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A Dictionary of Greek and Roman biography and mythology (ed. William Smith) 29 29 Browse Search
Xenophon, Hellenica (ed. Carleton L. Brownson) 12 12 Browse Search
Samuel Ball Platner, Thomas Ashby, A Topographical Dictionary of Ancient Rome 11 11 Browse Search
Aristotle, Politics 2 2 Browse Search
Polybius, Histories 2 2 Browse Search
Pausanias, Description of Greece 2 2 Browse Search
Appian, The Foreign Wars (ed. Horace White) 1 1 Browse Search
Isocrates, Speeches (ed. George Norlin) 1 1 Browse Search
Isaeus, Speeches 1 1 Browse Search
Demosthenes, Speeches 11-20 1 1 Browse Search
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Browsing named entities in Xenophon, Hellenica (ed. Carleton L. Brownson). You can also browse the collection for 390 BC or search for 390 BC in all documents.

Your search returned 12 results in 2 document sections:

Xenophon, Hellenica (ed. Carleton L. Brownson), Book 4, chapter 5 (search)
After this the Lacedaemonians, upon hearing390 B.C. from the Corinthian exiles that the people in the city hadnd waited until the Corinthian exiles had conducted390 B.C. the sacrifice and the games in honour of Poseidon.y one way and another and many large fires had been390 B.C. made, since there was a great deal of fuel at hand occupied himself in watching the great quantity of390 B.C. prisoners and property that was being brought out.d on the following day he exposed the prisoners and390 B.C. captured property for sale. The ambassadors of the a campaign or away from home for any other reason.390 B.C. Accordingly Agesilaus had on this occasion left beLacedaemonian regiment. Now when the Lacedaemonians390 B.C. were being attacked with javelins, and several men in the pursuit and in the turning backward kept an390 B.C. even front with the hoplites. And what with strivias when he captured these strongholds, and in Oenoe390 B.C. by Agesilaus at the time when Piraeum was taken, I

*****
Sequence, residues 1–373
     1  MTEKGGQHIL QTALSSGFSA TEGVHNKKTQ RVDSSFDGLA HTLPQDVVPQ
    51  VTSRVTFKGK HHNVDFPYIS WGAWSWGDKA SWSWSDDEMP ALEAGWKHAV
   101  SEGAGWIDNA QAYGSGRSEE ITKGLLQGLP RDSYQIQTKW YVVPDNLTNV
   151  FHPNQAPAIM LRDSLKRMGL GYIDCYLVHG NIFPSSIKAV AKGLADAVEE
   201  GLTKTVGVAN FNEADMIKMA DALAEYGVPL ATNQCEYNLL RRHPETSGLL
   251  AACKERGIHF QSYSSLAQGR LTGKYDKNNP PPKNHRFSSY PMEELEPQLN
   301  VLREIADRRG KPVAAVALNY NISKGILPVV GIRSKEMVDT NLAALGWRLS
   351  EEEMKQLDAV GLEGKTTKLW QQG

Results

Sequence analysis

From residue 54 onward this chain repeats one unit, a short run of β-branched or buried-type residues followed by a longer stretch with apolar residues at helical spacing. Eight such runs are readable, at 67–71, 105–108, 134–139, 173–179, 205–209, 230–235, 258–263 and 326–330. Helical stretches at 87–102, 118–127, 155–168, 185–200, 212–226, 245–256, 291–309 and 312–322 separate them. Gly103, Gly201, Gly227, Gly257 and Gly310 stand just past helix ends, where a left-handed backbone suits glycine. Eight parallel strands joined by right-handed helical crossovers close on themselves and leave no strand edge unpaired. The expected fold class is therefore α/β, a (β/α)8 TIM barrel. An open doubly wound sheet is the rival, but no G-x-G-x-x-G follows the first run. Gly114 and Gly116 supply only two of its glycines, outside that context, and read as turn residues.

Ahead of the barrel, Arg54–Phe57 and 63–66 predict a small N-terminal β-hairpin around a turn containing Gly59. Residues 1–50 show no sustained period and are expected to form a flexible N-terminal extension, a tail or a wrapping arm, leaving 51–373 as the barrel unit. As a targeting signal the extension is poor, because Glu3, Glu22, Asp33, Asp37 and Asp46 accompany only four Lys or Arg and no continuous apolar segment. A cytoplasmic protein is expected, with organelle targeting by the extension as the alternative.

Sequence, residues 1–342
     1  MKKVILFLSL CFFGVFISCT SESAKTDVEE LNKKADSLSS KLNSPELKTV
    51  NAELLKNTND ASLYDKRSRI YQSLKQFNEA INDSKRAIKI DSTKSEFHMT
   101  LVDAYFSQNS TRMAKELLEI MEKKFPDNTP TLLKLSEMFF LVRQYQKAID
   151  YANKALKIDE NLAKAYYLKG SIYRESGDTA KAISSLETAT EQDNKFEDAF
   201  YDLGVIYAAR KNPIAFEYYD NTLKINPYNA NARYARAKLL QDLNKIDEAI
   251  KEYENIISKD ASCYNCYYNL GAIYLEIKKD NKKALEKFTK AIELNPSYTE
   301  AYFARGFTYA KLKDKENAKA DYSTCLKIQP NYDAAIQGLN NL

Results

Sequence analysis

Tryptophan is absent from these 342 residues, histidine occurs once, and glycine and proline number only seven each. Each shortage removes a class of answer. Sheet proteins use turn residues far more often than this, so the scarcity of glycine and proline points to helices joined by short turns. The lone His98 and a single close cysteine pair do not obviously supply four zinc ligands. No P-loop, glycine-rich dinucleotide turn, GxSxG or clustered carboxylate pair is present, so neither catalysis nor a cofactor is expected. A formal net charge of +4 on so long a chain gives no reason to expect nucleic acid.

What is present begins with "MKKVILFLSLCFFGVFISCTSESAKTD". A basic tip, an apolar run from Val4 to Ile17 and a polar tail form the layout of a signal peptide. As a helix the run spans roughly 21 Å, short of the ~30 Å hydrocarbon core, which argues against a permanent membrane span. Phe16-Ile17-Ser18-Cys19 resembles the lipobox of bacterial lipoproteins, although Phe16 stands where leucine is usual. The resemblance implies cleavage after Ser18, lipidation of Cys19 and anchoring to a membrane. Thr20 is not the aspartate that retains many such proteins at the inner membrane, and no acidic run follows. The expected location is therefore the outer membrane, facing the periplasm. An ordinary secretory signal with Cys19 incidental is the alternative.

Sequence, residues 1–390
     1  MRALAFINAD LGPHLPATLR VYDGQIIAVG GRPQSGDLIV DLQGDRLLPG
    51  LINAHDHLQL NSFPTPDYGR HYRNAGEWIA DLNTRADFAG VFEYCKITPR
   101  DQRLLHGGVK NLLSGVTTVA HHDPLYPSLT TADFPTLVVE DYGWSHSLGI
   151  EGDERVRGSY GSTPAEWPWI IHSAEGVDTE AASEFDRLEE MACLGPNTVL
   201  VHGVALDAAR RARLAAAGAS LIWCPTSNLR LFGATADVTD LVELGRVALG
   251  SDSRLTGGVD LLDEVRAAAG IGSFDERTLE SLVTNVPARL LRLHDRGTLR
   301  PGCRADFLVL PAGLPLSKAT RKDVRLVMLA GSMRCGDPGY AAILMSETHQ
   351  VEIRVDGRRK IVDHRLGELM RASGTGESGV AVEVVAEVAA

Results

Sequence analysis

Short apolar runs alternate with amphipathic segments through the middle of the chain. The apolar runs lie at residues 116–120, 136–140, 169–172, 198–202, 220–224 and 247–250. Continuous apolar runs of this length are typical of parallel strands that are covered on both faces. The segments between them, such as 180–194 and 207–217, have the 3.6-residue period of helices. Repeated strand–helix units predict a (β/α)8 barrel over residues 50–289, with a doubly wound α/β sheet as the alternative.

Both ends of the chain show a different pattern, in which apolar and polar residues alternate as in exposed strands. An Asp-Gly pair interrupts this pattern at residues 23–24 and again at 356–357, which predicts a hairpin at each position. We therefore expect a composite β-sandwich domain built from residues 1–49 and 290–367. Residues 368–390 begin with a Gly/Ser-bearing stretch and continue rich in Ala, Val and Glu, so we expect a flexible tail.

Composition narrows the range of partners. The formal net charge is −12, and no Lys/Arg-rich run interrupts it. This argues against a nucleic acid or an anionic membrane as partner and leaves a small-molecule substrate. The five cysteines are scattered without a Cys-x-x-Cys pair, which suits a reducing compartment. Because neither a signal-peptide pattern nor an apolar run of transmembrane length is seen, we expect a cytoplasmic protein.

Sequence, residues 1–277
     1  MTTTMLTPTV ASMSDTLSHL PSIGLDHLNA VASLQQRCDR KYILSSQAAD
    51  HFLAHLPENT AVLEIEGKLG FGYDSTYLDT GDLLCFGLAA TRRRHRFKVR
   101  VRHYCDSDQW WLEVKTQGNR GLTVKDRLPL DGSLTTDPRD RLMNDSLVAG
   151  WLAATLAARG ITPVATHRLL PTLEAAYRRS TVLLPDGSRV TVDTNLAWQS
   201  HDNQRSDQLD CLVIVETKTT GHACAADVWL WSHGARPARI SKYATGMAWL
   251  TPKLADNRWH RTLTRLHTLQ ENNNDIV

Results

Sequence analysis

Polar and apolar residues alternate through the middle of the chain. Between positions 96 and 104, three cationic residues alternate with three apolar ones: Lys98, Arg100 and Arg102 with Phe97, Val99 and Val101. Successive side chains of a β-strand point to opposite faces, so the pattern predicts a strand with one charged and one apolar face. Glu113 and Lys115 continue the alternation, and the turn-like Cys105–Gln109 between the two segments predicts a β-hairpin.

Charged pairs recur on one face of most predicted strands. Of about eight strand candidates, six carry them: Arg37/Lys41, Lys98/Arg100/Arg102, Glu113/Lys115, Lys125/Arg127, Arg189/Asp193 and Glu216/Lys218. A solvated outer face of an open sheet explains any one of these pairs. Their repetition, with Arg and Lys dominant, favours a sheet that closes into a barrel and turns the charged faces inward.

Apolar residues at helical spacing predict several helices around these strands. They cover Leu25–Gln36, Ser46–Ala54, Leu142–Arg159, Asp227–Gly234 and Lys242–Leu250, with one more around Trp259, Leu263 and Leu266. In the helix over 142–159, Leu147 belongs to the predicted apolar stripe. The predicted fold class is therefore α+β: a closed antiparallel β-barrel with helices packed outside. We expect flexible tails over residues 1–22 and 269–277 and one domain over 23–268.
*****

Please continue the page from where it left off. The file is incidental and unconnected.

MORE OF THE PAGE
Xenophon, Hellenica (ed. Carleton L. Brownson), Book 4, chapter 8 (search)
tured, arrived at Rhodes on his second voyage and proceeded to aid those who held to the side of the Lacedaemonians. Meanwhile the Athenians, coming to the belief390 B.C. that the Lacedaemonians were again acquiring power on the sea, sent out against them Thrasybulus, of the deme Steiria, with forty ships. When he had sailed out, he gave up his plan of an expedition to Rhodes, thinking on the one hand that he could not easily punish the friends of the Lacedaemonians,390 B.C. since they held a fortress and Teleutias was there with a fleet to support them, and, on the other hand, that the friends of his own state would not fall under the power of the enemy, halled in Mytilene the four hundred hoplites from his own ships and all the exiles from the Lesbian cities who had fled for refuge to Mytilene, and had also added390 B.C. to this force the stoutest of the Mytilenaeans themselves; nor, furthermore, until he had suggested hopes, firstly to the Mytilenaeans, that if he captured the c